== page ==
Dr. Rae-Grant was the lead author of the American Academy of Neurology’s 2018 practice guideline on selecting disease-modifying therapies for MS. The guideline advises that neurologists should consider patient preferences regarding the cost of treatment, along with route of administration, safety, lifestyle, efficacy, and tolerability. The guideline mentions that patients might be able to obtain financial assistance from groups such as the National Organization for Rare Disorders and that the off-label use of medications may be an option when other treatments are not available. Nonetheless, the guideline provides “an incomplete answer” as to how cost may factor into treatment decisions, Dr. Rae-Grant said.
“Cost in medicine is a very difficult topic to get your hands around because there are all sorts of different ways to portray costs,” he said. When the authors created the guidelines, many of the available studies about cost-effectiveness had originated from pharmaceutical companies, which made them ineligible for their review, Dr. Rae-Grant said. Cost analyses may be a larger part of future publications, he said.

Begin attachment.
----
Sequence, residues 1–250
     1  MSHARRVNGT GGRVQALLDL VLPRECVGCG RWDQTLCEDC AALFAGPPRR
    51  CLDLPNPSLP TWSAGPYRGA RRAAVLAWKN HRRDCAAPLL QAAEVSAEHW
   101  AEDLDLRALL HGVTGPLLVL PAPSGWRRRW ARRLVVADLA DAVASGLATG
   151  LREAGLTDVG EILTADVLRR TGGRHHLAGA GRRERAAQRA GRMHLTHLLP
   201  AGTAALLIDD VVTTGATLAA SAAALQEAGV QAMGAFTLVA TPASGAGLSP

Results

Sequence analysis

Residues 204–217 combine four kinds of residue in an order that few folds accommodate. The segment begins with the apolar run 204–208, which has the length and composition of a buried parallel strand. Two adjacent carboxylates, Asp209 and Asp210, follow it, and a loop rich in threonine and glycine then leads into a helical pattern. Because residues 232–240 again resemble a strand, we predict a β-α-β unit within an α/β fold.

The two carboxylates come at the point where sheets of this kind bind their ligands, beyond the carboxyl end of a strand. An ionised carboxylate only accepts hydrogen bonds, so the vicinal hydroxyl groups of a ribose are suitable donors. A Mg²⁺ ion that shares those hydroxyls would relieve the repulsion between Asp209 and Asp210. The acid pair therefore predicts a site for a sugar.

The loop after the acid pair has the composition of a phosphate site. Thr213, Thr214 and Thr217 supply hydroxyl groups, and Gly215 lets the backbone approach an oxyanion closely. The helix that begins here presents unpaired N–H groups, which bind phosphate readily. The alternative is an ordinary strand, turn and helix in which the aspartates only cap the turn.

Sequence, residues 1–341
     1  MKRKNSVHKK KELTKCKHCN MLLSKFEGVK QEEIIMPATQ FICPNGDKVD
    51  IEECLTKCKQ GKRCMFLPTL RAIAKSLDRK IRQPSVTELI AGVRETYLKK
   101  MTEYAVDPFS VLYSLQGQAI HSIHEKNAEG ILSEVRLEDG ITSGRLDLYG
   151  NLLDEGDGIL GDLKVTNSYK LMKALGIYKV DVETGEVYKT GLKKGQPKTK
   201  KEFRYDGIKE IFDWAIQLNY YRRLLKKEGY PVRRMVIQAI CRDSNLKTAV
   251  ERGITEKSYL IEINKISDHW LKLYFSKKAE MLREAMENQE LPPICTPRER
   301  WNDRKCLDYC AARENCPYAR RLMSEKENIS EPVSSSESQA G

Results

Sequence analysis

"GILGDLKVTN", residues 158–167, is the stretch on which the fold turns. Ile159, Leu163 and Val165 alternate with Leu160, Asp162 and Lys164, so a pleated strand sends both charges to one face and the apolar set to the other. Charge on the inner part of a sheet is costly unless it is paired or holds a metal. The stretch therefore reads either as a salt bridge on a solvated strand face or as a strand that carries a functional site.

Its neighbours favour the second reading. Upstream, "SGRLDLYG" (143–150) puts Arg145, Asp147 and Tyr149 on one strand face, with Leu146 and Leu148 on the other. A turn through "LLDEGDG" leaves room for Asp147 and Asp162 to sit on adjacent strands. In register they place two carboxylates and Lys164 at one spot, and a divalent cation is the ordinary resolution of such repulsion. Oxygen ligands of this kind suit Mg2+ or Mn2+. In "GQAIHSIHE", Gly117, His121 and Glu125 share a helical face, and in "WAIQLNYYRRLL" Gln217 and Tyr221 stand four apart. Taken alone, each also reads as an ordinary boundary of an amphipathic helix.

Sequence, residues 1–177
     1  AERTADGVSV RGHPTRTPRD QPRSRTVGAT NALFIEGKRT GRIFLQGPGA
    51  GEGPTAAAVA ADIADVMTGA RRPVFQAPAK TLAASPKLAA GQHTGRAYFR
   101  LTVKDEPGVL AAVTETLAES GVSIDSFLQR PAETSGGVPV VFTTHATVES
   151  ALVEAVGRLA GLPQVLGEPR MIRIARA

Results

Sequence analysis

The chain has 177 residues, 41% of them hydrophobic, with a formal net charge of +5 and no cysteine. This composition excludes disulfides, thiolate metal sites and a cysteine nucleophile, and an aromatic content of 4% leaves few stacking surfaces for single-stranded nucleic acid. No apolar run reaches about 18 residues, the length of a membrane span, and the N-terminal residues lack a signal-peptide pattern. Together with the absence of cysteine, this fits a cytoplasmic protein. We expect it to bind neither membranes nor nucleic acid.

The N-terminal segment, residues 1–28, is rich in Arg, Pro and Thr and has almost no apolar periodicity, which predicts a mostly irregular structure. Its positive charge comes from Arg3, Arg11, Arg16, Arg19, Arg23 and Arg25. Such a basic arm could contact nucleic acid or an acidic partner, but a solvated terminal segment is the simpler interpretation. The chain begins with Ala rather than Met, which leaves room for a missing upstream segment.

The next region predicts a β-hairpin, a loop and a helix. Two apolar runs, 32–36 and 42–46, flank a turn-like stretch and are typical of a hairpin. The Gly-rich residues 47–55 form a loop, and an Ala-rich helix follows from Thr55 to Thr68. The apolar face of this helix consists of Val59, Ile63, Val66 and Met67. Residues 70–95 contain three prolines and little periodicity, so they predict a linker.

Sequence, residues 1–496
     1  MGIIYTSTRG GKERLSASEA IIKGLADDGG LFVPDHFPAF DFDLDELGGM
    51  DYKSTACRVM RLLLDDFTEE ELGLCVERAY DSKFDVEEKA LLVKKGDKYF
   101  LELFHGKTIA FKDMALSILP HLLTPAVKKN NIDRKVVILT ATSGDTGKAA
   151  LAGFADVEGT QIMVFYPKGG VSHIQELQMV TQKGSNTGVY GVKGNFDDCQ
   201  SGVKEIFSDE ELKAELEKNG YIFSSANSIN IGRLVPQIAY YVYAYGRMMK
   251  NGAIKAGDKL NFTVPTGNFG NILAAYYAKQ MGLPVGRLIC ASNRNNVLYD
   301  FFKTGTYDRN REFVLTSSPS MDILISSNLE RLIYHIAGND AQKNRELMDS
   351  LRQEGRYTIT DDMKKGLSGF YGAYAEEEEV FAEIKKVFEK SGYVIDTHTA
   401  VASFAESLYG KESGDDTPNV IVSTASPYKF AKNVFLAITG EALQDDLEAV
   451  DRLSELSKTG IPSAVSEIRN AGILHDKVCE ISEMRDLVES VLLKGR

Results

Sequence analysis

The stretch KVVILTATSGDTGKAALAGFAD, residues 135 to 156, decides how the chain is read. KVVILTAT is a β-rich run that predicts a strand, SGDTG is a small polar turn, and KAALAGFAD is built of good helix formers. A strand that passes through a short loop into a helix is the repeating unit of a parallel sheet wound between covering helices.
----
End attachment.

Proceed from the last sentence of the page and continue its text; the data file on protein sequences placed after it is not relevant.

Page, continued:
In practice, cost-related issues may come up when trying to work within the patients’ insurance policies.
“What does your insurance cover? Can we responsibly treat within those boundaries?” Sometimes, Dr. Rae-Grant needs to negotiate with insurance companies to obtain a medication that is outside of the insurance company’s typical formulary. After a patient tries one or two drugs unsuccessfully, usually “we will want to get to higher effectiveness, and sometimes that becomes a negotiation on the phone,” which can be “a little tricky,” he said.
“I’ve been doing MS work for more years than I care to count,” said Dr. Rae-Grant. Having to convince a physician with the insurance company “that I know what I’m doing is not a very effective process in terms of getting the patient care.”